The tourists, politicians and Londoners swirling around Westminster on 22 March last year were going about their lives “as if it was any other day” until a terrorist launched the first Isis-claimed attack in Britain.
Judge Mark Lucraft QC, the chief coroner of England and Wales, said: “They were all there to enjoy the day. For many, it would have been their first time of seeing those sights; for others a return visit, and perhaps sharing their favourite views with friends. Others were in the area for work, or for business.”
Khalid Masood struck the heart of Britain and a global symbol of democracy in his car and knife rampage, which left five victims dead and many more injured.
Those killed represented the diversity of the capital – a retired Londoner, a mother on her way to collect her children from school, tourists from the US and Romania, and a police officer who died protecting the Houses of Parliament.
Inquests into their deaths heard moving tributes from loved ones that detailed their lives before they were brutally cut short.
The American tourist had been celebrating his 25th wedding anniversary with his wife in London when they were walking across Westminster Bridge.
CCTV footage played to the Old Bailey showed Mr Cochran pushing his wife away from the car’s path in the second before he was fatally struck.
The 54-year-old was thrown over the bridge and dropped more than 5 metres to the embankment walkway below, where he was later pronounced dead from his injuries.
In a statement read to the court by her sister, Ms Cochran called her husband “my inspiration, my rock star and above all my hero”.
“I was so lucky to have had 25 wonderful years with the man of my dreams. He made me laugh every single day,” she said.
“I am forever grateful for the time we had together, allowing me to be the mother to his children and especially his heroic actions on that day, saving my life.”
The music lover had founded a recording studio with his wife and two close friends, fulfilling a lifelong dream.
Ms Cochran, who lives in Utah with their two sons, added: “I am saddened and sick of the hatred in the world, I wish everyone had Kurt’s love and compassion for others.”
Detective Superintendent John Crossley, the Metropolitan Police’s senior investigating officer for the attack, said Mr Cochran was the first victim to be fatally struck by Masood.
“Kurt could clearly see the vehicle coming towards them and pushed Melissa out the way,” he added, praising his “instinctive courage’’.
The victim suffered multiple bruises, fractures and brain injuries from which he could not have survived, pathologist Dr Simon Poole said.
Judge Lucraft found that despite “valiant of efforts” by paramedics, Mr Cochran was declared dead at 3pm on the day of the attack.
The retired window cleaner and lifelong Londoner was on his way home from nearby St Thomas’s hospital when he was hit by Masood and dragged for 33 metres.
The 75-year-old was taken to King’s College hospital but he never regained consciousness and died of head injuries the following day.
Dr Gareth Lloyd rushed over to help when he saw Masood drive “erratically” onto the pavement and hit three pedestrians, including Mr Rhodes.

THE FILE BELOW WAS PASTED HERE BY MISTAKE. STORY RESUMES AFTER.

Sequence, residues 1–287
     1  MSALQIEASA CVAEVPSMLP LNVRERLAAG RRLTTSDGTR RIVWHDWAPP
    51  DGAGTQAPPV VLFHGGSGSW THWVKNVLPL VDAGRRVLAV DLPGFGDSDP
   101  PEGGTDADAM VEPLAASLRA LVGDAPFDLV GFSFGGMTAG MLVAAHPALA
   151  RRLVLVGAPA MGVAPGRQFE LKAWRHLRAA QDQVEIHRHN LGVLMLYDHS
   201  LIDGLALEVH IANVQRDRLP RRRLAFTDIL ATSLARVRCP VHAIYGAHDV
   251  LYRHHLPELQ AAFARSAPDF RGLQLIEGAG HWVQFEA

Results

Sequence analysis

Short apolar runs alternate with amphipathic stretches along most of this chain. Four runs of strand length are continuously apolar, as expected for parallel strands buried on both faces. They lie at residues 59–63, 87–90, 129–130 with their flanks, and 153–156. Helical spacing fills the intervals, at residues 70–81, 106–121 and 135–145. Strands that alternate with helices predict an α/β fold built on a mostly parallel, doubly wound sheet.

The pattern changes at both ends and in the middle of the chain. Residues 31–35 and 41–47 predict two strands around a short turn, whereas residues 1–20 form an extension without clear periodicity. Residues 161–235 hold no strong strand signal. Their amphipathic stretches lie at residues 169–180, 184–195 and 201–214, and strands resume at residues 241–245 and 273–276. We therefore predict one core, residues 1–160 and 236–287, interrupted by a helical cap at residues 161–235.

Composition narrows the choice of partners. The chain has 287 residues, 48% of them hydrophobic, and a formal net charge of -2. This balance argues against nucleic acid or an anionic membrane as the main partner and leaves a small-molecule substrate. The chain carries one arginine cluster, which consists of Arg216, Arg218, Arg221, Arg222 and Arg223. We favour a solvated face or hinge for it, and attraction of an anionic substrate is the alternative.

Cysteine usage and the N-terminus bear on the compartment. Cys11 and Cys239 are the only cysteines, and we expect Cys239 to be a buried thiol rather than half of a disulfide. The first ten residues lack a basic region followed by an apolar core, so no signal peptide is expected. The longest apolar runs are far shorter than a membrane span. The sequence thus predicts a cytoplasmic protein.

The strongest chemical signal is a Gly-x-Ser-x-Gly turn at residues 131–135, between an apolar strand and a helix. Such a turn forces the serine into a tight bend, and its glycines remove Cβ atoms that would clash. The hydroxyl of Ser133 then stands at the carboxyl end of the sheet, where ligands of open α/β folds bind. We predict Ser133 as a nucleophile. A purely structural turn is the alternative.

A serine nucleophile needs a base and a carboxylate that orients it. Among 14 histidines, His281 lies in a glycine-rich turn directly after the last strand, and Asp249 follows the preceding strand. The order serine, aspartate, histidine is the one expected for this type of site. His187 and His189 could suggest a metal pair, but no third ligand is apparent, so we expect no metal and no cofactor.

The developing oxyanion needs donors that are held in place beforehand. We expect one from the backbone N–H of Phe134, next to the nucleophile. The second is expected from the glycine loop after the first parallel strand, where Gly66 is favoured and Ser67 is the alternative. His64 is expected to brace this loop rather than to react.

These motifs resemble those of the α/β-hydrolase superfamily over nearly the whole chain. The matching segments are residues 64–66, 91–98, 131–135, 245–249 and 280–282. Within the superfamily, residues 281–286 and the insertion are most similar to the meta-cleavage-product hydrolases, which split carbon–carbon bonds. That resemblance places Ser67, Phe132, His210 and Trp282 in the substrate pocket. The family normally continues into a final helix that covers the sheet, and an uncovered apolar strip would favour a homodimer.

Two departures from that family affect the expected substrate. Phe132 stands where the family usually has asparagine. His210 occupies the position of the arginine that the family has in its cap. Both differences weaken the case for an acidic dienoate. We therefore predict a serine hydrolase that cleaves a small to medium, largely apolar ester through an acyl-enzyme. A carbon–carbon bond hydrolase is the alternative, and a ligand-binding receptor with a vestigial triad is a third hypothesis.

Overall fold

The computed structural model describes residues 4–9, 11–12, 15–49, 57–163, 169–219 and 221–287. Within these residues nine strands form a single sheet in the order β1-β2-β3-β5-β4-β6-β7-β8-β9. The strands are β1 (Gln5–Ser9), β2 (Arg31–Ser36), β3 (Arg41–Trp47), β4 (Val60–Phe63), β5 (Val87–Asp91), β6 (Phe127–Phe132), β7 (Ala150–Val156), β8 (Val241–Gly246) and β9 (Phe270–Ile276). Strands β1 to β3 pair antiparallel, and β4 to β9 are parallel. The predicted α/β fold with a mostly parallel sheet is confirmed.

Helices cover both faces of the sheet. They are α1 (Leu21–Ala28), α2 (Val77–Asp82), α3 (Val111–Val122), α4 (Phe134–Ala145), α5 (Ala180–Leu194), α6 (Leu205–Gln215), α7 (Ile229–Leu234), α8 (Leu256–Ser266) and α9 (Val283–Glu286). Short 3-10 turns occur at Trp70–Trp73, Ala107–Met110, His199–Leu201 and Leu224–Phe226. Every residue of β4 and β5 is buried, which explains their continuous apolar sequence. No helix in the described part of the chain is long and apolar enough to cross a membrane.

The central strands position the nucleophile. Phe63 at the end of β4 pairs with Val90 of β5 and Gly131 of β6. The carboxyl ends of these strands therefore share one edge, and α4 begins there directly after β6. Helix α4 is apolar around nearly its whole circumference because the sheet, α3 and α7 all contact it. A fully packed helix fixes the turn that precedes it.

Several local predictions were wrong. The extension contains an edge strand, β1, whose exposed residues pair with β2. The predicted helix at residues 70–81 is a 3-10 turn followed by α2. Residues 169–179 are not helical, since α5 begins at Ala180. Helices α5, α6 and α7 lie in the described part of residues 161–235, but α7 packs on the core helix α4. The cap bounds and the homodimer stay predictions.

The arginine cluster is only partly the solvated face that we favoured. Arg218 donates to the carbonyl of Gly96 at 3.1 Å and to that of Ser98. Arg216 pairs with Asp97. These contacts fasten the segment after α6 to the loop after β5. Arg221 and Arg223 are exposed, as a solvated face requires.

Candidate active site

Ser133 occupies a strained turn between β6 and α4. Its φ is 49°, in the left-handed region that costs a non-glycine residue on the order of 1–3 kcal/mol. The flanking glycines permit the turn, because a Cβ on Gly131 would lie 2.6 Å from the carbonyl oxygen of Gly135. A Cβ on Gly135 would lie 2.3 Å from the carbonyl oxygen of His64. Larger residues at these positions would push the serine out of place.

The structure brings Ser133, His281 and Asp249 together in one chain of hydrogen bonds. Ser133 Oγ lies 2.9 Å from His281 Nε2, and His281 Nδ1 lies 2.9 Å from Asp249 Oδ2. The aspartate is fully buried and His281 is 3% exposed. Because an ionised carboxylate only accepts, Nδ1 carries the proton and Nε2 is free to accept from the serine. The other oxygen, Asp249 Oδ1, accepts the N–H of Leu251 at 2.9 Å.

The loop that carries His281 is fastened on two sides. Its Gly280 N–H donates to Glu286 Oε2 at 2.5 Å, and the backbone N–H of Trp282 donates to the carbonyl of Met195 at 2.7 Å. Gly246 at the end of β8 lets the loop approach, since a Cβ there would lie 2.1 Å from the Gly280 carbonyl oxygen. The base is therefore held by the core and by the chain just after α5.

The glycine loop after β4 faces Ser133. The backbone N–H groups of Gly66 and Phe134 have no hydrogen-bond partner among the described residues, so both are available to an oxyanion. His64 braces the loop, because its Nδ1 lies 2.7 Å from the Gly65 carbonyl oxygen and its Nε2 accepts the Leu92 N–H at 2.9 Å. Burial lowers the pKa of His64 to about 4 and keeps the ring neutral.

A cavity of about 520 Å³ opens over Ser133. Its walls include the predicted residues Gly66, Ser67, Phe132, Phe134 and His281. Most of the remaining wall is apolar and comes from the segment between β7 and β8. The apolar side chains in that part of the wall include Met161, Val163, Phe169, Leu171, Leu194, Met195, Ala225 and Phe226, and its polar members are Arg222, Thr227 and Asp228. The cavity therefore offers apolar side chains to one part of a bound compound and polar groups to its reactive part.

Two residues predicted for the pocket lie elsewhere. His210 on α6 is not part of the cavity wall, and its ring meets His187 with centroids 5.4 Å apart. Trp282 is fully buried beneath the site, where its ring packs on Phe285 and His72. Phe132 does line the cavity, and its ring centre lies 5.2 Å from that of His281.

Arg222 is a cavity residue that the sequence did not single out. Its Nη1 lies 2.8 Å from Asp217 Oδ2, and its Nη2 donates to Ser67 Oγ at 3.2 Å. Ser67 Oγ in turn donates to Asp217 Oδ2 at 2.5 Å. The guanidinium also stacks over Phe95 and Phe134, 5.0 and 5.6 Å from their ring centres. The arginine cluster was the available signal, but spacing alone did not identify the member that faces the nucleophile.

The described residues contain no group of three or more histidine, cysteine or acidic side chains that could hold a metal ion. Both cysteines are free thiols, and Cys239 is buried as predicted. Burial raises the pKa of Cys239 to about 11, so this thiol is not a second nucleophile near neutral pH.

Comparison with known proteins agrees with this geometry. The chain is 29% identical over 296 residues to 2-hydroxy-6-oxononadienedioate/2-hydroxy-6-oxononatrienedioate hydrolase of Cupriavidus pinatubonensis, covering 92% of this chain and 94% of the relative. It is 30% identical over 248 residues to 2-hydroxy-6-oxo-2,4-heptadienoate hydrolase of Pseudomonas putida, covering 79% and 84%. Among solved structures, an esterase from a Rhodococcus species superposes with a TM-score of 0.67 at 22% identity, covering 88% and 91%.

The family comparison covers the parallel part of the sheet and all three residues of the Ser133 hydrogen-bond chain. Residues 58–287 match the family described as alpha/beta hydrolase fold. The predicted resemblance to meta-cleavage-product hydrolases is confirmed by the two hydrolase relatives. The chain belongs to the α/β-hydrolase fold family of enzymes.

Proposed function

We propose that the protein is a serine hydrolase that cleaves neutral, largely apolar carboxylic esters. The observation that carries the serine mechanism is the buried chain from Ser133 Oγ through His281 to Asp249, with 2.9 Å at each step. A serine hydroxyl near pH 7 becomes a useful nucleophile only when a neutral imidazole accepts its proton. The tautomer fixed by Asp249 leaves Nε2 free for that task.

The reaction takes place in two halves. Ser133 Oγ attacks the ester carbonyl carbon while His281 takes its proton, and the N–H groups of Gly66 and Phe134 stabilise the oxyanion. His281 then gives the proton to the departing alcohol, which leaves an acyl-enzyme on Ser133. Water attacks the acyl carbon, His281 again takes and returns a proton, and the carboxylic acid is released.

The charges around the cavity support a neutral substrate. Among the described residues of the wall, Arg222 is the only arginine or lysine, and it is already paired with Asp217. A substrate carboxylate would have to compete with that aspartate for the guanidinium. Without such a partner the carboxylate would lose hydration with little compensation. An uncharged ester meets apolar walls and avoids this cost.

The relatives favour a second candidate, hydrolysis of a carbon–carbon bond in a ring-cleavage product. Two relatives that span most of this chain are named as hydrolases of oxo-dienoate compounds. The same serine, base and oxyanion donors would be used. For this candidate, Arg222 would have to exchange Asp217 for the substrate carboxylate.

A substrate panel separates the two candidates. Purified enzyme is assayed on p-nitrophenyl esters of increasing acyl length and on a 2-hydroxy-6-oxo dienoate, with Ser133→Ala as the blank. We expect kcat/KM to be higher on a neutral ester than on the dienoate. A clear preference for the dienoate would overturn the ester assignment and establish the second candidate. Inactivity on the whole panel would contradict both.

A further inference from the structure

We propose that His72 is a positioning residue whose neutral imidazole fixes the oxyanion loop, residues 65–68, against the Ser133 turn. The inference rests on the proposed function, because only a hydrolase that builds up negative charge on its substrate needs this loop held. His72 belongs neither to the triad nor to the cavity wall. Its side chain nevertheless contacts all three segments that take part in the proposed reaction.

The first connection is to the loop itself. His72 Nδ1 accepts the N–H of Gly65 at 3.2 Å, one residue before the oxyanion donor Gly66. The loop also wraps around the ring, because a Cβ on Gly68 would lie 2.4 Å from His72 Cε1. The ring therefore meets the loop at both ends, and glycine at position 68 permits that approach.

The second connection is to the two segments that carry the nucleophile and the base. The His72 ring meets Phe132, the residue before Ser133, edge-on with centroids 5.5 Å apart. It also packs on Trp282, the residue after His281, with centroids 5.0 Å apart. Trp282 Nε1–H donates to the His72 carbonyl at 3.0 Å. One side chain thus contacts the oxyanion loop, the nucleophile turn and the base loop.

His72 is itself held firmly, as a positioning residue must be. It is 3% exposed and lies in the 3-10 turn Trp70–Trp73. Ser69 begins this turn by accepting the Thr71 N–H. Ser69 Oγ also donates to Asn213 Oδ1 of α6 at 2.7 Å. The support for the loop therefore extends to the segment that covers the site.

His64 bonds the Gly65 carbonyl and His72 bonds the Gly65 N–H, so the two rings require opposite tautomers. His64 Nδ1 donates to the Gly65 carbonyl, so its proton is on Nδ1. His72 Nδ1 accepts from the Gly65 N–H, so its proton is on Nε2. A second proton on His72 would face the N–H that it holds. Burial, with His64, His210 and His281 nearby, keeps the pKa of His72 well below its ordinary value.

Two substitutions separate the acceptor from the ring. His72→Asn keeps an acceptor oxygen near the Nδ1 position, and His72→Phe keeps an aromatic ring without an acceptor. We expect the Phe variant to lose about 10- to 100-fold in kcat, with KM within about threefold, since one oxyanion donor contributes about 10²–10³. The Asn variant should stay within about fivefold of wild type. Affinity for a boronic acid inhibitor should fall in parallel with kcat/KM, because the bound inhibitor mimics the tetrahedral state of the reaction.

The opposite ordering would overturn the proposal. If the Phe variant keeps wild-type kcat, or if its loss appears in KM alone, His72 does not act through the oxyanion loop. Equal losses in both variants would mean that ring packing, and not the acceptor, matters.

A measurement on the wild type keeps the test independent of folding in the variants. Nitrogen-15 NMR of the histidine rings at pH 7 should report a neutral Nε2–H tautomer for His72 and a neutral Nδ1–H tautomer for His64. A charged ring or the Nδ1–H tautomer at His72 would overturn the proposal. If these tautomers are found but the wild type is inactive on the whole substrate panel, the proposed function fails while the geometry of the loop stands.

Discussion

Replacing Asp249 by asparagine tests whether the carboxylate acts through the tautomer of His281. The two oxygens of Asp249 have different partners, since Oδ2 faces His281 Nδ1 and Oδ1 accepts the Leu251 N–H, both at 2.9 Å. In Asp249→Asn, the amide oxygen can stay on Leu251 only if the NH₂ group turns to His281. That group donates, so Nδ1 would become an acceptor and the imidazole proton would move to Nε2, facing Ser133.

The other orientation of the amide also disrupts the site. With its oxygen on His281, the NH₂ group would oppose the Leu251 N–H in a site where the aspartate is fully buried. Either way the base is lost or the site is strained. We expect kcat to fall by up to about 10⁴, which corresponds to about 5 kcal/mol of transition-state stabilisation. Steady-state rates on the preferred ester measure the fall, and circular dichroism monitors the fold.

“I recall thinking that this would be a significant injury for an adult of any age, for an older man the potential for significant life-threatening injury was severe,” he said.
A CT scan revealed the extent of the damage to his brain as well as multiple injuries to his chest, pelvis, spine and knees.
Mr Rhodes was transferred to intensive care and died at 8.44pm on 23 March.
Pathologist Dr Ashley Fegan-Earl said there was no issue about his treatment and he would not have survived his injuries if he had got to hospital sooner.
Mr Rhodes’ niece, Amanda Rhodes, described him as a “placid, quiet, and kind” man who liked cricket, the group Queen, cycling and growing tomatoes.
Despite his advancing years, he was fit and continued to climb ladders and ride his bicycle.
“Everyone loved him. He would do anything to help anyone who needed it,” Ms Rhodes said.
“We were devastated and incredibly angry that this had happened to Les ... He will be greatly missed.”
Masood next struck Aysha Frade, a 44-year-old British woman of Spanish heritage who was walking over the bridge on her way to pick her children up from school.
She was hit from behind and thrown 17 metres down the road, where she was run over by the rear wheels of a bus and suffered catastrophic head injuries that killed her instantly.
A pathologist said that the initial strike from Masood’s car was so severe that he suspected Ms Frade “would have died had she not even been thrown under the bus”.
In a moving tribute made to the inquest, her husband John described how he was immediately struck by her warm expression when the pair met in a gym bar in 1996.
He said: “The first thing I remember about Aysha was her gorgeous smile. She doesn’t only smile with her mouth, but with her eyes too, similar to the early spring sun popping out from behind a cloud, warming your soul, energising you to believe that almost anything is possible.”
Born to a Turkish Cypriot father and Spanish mother, Aysha grew up in west London, close to Portobello Road market.
The inquest heard Ms Frade “lived and breathed for her daughters” – the youngest of whom was born in 2009 – and her husband was in awe of the balance she struck “between tender care and discipline”.